Hartford Acc. & Indem. Co. v. Illinois ex rel. McLaughlin,
Annotate this Case
298 U.S. 155 (1936)
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U.S. Supreme Court
Hartford Acc. & Indem. Co. v. Illinois ex rel. McLaughlin, 298 U.S. 155 (1936)
Hartford Accident & Indemnity Co. v. Illinois ex rel. McLaughlin
Argued March 31, 1936
Decided April 27, 1936
298 U.S. 155
APPEAL FROM THE SUPREME COURT OF ILLINOIS
1. State regulation of the business of commission merchants who solicit consignments of farm produce from within and without the State and sell them locally on commission affects interstate commerce only indirectly, and is within the police power, in the absence of conflicting regulation by Congress. P. 298 U. S. 157.
2. An Illinois statute requiring that commission merchants who solicit for sale and sell within the State consignments of farm produce, including fresh fruit and vegetables consigned from outside the State, shall procure a license, post a bond, keep records, and account and pay for produce received for sale, held not inconsistent with the Act of Congress of June 10, 1930, which requires those who are engaged in the business of receiving in interstate or foreign commerce fresh fruits and vegetables, for sale on commission, to procure a license from the Secretary of Agriculture, and
which covers in part the same ground as the Illinois law, but which does not require a bond and expressly declares that state statutes dealing with the same subjects as the federal Act shall remain in effect except insofar as they are inconsistent with it. P. 298 U. S. 158.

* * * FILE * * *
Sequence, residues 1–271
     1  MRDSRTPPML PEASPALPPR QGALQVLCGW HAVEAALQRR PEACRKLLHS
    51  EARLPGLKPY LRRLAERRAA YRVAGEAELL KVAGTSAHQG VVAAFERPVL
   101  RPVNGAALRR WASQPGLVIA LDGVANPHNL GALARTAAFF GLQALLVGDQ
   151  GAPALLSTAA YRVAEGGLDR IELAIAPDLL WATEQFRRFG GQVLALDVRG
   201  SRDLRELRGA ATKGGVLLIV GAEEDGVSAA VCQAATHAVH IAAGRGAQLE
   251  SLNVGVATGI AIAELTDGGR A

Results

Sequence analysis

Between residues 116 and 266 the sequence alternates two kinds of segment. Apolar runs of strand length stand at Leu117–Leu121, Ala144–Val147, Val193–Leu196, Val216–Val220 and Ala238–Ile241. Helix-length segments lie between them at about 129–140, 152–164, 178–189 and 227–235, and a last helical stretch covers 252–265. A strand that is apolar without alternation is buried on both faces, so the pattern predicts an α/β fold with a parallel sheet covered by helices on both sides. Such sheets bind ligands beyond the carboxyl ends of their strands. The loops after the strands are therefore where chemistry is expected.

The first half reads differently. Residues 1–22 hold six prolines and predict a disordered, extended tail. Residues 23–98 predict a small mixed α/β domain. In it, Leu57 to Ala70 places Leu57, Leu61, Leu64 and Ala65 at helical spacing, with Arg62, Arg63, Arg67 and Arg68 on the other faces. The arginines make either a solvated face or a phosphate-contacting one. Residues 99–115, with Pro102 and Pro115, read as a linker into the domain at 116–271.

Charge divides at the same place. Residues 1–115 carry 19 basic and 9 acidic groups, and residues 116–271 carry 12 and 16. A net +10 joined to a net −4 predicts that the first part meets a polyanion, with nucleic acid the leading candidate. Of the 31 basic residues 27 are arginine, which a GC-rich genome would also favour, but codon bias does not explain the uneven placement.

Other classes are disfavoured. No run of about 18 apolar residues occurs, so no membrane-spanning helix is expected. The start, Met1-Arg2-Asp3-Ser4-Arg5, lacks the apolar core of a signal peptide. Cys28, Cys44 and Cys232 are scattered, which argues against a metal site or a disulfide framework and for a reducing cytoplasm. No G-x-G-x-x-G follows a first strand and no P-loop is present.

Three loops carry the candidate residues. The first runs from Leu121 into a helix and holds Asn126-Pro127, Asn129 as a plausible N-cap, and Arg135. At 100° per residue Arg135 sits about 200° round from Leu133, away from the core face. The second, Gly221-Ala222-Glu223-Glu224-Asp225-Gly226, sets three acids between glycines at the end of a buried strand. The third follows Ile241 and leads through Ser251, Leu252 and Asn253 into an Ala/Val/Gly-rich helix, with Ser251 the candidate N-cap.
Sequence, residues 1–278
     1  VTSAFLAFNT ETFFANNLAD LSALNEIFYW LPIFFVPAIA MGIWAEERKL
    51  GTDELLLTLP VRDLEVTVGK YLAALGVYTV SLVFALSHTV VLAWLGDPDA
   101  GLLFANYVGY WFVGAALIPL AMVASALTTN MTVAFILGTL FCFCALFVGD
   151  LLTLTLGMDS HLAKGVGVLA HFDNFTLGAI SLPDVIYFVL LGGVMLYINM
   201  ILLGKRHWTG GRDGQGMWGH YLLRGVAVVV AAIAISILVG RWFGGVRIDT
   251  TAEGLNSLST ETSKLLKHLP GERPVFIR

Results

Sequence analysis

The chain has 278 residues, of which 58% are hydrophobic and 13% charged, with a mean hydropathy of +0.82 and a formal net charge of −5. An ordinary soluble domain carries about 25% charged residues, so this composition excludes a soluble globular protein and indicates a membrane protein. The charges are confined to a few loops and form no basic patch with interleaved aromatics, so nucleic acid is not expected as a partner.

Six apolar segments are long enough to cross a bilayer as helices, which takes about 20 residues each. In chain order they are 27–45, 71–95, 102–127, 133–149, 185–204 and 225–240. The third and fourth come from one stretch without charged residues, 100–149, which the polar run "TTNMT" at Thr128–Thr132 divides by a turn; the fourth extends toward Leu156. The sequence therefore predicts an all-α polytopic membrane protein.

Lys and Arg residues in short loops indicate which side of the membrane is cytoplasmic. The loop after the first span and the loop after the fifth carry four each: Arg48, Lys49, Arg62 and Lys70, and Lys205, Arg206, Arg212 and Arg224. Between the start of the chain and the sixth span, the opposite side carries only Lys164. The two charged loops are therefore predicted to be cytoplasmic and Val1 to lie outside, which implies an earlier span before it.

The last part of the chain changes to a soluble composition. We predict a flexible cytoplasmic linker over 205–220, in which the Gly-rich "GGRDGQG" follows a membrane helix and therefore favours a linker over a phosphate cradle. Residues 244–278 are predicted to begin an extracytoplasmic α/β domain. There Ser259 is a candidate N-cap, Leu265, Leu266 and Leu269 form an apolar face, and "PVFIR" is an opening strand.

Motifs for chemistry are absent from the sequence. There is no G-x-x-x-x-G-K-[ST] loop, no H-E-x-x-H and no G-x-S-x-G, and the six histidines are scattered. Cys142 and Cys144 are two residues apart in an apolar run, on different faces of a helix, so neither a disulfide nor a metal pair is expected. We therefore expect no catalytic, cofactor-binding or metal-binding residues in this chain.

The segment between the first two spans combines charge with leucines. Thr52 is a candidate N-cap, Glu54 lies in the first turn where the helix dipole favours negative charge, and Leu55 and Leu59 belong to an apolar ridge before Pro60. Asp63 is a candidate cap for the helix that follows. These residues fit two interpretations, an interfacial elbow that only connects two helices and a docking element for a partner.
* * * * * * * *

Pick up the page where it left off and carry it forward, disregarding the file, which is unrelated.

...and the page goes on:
361 Ill. 405, 198 N.E. 356, affirmed.
Appeal from a judgment sustaining a judgment in favor of the Director of Agriculture of the Illinois, in consolidated actions on two bonds, given by a commission merchant pursuant to an Illinois statute for the security of consignors of farm produce. The surety took the appeal, severing the principal, which had become bankrupt.
MR. JUSTICE ROBERTS delivered the opinion of the Court.
An Illinois statute [Footnote 1] forbids persons, associations, and corporations to receive, sell, offer, or solicit consignments of farm produce for sale on commission within Illinois unless licensed, requires an applicant for a license to make a showing as to character, responsibility, and good faith in the conduct of the proposed business, and directs that a license must be procured for each location where the business is to be transacted, a fee paid therefor, and a bond, in the sum of $5,000, with satisfactory surety, executed, conditioned on honest accounting and handling of produce received and against fraudulent conduct. Provision is made for the granting and revocation of licenses